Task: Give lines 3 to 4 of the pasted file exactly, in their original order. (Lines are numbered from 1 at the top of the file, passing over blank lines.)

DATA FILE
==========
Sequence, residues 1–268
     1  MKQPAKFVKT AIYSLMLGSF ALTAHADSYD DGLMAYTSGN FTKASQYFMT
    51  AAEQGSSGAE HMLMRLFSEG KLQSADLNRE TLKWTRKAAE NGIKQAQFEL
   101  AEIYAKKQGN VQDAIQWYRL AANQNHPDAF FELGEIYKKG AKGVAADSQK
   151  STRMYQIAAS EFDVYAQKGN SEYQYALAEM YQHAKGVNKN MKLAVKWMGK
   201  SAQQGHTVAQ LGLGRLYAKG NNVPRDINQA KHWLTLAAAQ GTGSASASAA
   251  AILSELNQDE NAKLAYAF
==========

    51  AAEQGSSGAE HMLMRLFSEG KLQSADLNRE TLKWTRKAAE NGIKQAQFEL
   101  AEIYAKKQGN VQDAIQWYRL AANQNHPDAF FELGEIYKKG AKGVAADSQK